The fourth thing that we are really interested in, as far as our priorities, is we want to improve the healthcare of the people of this state, without invading into anybody’s privacy.
We are the most obese state in this country, or close to it. We need to everything that we can to help improve people’s lives.
It’s like infant mortality, a lot of it comes from babies having babies and how we can change culture.
I think that we need to work a lot through our churches and try to help with unwed mothers and things like this that really causes a lot of the infant mortality rates that we have.
Trying to keep mothers from smoking. Eleven point two percent of the babies that are born in this state, their mothers smoked. The infant mortality rate on those is 13.1 per 1,000 compared to 8.1 per 1,000, if you don’t smoke. So trying to get people to quit smoking, but just trying to make Alabama healthier.
What I am going to do is create a health alliance, not make government bigger, we are not trying to make a government entity. We are trying to streamline government and bring all of these entities together like the health department, medical schools, nursing schools.
We want to use tele-medicine to put specialty clinics out in the rural areas. I have these ideas on how to do that, that I think will really help do that in rural areas of the state–using nurse-practitioners.
Those are the four things that we are going to do.
Now, we have a problem right now with our budgets and we are working on that. I did present budget to the legislature. What was funny, I said, “I made the Republican Chairman mad, I mad the Democrats mad and I made AEA mad, so I must have done something right.”
We actually presented a good budget and we did it without hurting the classroom. We took a small amount of money from higher ed, but not very much, 4 percent, then 2 percent from the two-year colleges. But the foundation program, which is K–12, was not changed at all.
So it was a good budget but it also allowed us to put some money over into the General Fund. It keeps us from letting prisoners out. If we cut it as much as they say we are going to cut, without using both budgets, without trying to combine them a little bit, we would let out 12,000 prisoners.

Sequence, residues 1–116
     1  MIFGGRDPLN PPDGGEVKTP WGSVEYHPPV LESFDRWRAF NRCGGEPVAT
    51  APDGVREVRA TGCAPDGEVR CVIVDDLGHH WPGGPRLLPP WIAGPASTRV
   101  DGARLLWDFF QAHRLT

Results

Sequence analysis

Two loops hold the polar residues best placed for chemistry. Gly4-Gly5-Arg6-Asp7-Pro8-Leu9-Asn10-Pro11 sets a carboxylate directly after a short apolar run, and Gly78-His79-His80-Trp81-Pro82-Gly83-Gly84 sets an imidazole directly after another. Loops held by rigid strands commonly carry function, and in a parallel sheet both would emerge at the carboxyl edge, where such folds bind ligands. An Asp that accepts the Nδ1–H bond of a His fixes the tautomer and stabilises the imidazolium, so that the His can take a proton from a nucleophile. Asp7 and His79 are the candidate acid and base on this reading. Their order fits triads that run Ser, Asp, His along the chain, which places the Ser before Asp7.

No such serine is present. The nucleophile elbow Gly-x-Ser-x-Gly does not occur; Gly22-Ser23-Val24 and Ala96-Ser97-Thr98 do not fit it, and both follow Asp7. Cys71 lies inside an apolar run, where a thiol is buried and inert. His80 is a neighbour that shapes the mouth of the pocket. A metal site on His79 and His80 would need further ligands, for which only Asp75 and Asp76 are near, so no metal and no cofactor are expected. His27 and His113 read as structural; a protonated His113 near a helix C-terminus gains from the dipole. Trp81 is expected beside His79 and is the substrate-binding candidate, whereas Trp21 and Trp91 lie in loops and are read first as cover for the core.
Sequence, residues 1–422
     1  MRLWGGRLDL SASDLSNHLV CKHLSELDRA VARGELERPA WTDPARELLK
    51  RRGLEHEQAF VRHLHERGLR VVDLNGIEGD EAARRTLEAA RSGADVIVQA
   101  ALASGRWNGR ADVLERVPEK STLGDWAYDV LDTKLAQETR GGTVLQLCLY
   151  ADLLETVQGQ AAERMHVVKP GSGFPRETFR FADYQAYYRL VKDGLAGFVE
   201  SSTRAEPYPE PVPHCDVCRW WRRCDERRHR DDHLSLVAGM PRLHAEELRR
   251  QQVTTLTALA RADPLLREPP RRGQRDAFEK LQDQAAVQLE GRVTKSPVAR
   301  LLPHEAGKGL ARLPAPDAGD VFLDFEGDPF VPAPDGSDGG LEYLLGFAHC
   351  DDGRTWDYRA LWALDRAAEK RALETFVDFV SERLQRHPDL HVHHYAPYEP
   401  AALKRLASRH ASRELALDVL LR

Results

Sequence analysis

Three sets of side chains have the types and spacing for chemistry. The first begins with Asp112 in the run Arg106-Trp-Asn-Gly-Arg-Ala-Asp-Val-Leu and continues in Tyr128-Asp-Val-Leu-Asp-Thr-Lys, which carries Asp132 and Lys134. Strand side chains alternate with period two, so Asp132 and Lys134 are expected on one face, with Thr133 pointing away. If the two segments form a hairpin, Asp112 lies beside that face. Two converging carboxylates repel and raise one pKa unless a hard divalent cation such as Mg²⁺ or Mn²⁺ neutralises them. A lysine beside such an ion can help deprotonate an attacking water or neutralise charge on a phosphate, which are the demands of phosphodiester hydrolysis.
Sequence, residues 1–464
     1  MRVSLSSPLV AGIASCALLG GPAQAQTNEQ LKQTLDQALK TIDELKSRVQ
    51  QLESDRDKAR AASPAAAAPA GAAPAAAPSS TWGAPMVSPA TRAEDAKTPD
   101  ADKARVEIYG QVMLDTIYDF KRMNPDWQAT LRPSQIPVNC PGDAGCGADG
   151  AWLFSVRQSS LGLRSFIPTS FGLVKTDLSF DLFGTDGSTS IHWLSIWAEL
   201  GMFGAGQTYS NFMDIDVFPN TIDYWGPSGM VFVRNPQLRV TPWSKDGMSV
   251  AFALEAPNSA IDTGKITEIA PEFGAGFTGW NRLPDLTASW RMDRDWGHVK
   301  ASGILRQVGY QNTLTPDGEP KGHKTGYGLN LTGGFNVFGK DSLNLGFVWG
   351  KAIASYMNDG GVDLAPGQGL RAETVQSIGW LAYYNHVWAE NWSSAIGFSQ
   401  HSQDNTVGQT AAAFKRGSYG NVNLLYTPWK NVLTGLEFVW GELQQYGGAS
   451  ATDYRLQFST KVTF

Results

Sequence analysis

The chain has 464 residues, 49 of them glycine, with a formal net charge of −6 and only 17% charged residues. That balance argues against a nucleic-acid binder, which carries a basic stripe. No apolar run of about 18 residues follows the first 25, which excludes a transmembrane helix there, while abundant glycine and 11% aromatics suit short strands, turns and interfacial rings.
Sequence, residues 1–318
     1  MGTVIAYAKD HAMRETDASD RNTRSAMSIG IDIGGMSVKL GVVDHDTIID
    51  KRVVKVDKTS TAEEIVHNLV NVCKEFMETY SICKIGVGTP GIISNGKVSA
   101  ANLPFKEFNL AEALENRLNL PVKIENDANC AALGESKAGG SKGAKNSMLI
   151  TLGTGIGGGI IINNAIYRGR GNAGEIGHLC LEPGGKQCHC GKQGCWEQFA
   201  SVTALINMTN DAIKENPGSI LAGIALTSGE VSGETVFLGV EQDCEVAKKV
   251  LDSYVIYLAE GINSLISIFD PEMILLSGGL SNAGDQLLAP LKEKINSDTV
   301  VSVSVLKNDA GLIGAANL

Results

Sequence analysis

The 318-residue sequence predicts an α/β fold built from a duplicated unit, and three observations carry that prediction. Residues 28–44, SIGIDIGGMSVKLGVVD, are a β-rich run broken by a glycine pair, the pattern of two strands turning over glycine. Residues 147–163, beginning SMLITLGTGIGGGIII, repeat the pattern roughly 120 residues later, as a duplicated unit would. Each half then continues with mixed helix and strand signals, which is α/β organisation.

APR: When I was on the show with Dana, he brought up the fact that they had made disparaging comments about your budget, and that is wasn’t going anywhere, and I said, “Don’t dare count the governor out yet.” I think you will get 90 percent of what you want.
BENTLEY: They are starting to soften a little bit. The legislators have not even looked at it. It is just the budget chairman. The education guys, they don’t want anything done with education money. The General Fund people, they would all be happy with my budget. One of them said some disparaging things also, but he ought to have been one that was happy about it.
APR: Well, Texas combined their budgets some years ago and it worked.
BENTLEY: There are 47 states that have one budget. I know that it probably won’t happen this year.
Without raising taxes, which I have vowed that we are not going to do, we are going to live within the money that the people send to Montgomery. I can tell you that people everyday out there in Alabama, they have to live within their means, and we are going to do the same thing in state government.
I am going to go this afternoon to meet with the editorial board at the ‘Press-Register,’ and I know one of the questions that they are going to ask me, “Well, Governor, why don’t you raise the cigarette tax or why don’t you raise the tax?” Well, I am not doing that. First of all, I promised the people that I wasn’t going to do that and I am going to live up to my promise.
APR: Most conservative don’t realize that is still raising taxes, do they?
BENTLEY: That’s right. That’s right. The other thing is, if you prop up that General Fund, you will never get anything done.
We wish the Governor every success and pray Godspeed, in all his efforts.